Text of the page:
Our idea for the New England Green River Marathon was sparked by the exceptional beauty of the course itself, which follows nearly the entire length of the Green River from its headwaters in Marlboro, Vermont to its confluence with the Deerfield River in Greenfield, Massachusetts. It’s a favorite running spot for many local runners; we can’t think of a better place to run, and we’d like to share it with you! This is a small, rural, community race and isn’t a big money maker; to us it’s more about getting together to celebrate our love of the outdoors and running.

As runners, we cherish our environment, and we want to give something back through this race. The race is organized by Natural High Running LLC and we partner with and support the the Connecticut River Conservancy, which works hard to preserve the natural beauty of this habitat, and the Sugarloaf Mountain Athletic Club (SMAC). SMAC was founded in 1972 as a club for female athletes, but has since then been open to everyone who wants to discover the joy of running. Scroll down for more info about SMAC and the CRC.

We couldn’t set up this event without the invaluable support of Marlboro Music in Vermont, where the race will start, and Greenfield Community College, where it will finish. So come run with us, and we will do what we can to provide you with a first-class marathon experience, with chip timing, a certified course, awards, local food, and a great vibe!

More about us and our cause

The race is presented by Natural High Running Company LLC, in support of our partners, the Sugarloaf Mountain Athletic Club and Connecticut River Conservancy. Natural High Running was created by runners Laure and Tom Van den Broeck Raffensperger (the founders of the New England Green River Marathon) to ensure that the race is sustainable and continues to fulfill our vision of a small, supportive, community race.

A little about our partners:

Since 1952, Connecticut River Conservancy has worked to protect your rivers from source to sea so everyone can enjoy them. Our rivers belong to all of us. CRC is their voice. They find environmental problems and fix them, across all four Connecticut River states. They run community river cleanups. They remove deadbeat dams and plant trees. They protect and restore wildlife. They speak up on behalf of your rivers. To learn more or join the effort, visit www.ctriver.org. Connecticut River Conservancy’s work includes the many tributary rivers and streams that flow into the Connecticut River, including the Green River. The Green River Cleanup is the largest local cleanup group participating in CRC’s nationally recognized 4-state Source to Sea Cleanup event each fall. Hundreds of volunteers get their hands dirty and feet wet keeping the Green River free of trash. To learn more about the Source to Sea Cleanup, visit www.ctriver.org/cleanup.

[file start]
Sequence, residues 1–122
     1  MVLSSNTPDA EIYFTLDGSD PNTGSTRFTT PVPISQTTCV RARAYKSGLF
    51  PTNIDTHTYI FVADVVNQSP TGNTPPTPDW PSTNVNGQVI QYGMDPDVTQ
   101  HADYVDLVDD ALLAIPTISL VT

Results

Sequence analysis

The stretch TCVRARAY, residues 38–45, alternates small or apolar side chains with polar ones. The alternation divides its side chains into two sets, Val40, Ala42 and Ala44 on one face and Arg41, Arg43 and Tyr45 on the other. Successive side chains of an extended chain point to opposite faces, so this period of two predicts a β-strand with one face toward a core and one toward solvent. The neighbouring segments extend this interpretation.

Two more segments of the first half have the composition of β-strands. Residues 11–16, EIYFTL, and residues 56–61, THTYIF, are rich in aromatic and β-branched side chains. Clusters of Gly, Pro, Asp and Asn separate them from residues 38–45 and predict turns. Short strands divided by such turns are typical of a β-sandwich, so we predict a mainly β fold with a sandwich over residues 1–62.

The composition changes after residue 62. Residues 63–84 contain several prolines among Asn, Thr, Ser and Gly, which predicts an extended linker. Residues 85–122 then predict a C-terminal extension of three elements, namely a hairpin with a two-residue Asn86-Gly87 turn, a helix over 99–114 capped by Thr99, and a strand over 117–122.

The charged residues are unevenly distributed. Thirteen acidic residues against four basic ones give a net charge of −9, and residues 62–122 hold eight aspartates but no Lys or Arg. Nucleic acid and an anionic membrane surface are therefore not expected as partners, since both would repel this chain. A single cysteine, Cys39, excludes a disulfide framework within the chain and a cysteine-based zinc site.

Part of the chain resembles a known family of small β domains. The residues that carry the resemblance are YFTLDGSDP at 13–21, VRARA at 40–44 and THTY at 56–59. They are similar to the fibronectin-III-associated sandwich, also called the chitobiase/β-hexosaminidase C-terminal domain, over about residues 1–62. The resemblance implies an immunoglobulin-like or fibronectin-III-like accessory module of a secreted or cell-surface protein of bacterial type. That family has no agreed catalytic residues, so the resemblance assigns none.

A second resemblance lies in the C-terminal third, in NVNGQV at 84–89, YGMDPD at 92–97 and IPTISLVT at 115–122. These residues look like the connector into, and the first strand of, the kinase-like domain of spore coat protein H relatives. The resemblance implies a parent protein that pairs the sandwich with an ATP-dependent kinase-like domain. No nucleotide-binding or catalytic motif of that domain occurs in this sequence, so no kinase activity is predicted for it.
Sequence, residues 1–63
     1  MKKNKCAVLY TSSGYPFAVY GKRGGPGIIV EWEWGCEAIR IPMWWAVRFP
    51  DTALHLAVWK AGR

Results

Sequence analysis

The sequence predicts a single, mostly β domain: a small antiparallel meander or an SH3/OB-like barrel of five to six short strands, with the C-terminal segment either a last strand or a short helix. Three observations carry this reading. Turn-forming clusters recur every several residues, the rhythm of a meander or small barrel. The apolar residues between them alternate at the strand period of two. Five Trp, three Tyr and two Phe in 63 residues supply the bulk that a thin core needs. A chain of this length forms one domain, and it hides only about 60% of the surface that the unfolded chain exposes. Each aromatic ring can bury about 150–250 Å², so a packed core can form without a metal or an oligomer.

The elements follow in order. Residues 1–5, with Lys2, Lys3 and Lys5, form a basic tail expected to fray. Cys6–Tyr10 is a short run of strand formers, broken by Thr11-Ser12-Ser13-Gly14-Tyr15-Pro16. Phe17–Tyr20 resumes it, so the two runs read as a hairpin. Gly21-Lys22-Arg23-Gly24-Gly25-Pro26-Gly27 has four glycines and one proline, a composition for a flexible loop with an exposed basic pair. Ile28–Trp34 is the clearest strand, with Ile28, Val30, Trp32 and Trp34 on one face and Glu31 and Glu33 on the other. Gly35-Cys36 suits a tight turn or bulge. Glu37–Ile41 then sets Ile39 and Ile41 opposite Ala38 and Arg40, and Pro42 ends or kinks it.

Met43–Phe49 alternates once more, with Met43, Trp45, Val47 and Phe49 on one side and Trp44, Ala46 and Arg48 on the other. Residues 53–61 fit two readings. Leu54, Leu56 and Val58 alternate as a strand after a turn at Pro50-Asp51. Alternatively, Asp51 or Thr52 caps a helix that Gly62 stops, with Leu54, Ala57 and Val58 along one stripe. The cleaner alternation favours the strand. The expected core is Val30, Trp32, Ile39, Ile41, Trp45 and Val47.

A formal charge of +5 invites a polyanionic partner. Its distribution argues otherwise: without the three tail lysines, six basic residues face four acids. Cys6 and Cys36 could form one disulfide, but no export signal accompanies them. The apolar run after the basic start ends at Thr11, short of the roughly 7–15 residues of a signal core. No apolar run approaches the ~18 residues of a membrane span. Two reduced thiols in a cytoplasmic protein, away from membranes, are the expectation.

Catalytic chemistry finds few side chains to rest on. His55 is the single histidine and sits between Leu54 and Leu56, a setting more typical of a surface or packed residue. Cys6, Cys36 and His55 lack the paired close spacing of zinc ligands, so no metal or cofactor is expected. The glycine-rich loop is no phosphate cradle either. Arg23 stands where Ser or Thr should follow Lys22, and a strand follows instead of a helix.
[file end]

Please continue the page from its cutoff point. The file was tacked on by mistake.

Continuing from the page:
Sugarloaf Mountain Athletic Club is a 501(c)(3) non-profit organization dedicated to promoting health, fitness, and friendly competition through running in Western Massachusetts. Originally founded as a women’s running club in 1972, it quickly moved to wecome all runners. Today the club has over 300 members and reaches over 2,800 runners each year through its races, track and hill workouts, track meets, and robust youth track program. We are a member club of both USA Track & Field (USATF) and the Road Runners Club of America (RRCA). To learn more – and to join, visit us at https://sugarloafmac.org/

We’ve also donated small amount to other organizations, such as the Green River Village Preservation Trust, which preserves and stewards the covered bridge, crib dam, and church in Green River Village.

For the sake of transparency, here’s where the money goes:

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Race expenses include medals, shirts, awards, hats, runner and volunteer food/beer/ice cream, chip timing, equipment rental (such as tents, portable toilets, tables, and chairs), water delivery, bus transportation, signs/cones and other course marking, race director fee, live music, truck rental, and photography.

* Non-profit organization

Passing through the Green River Covered Bridge (photo by Jennifer Garrett)
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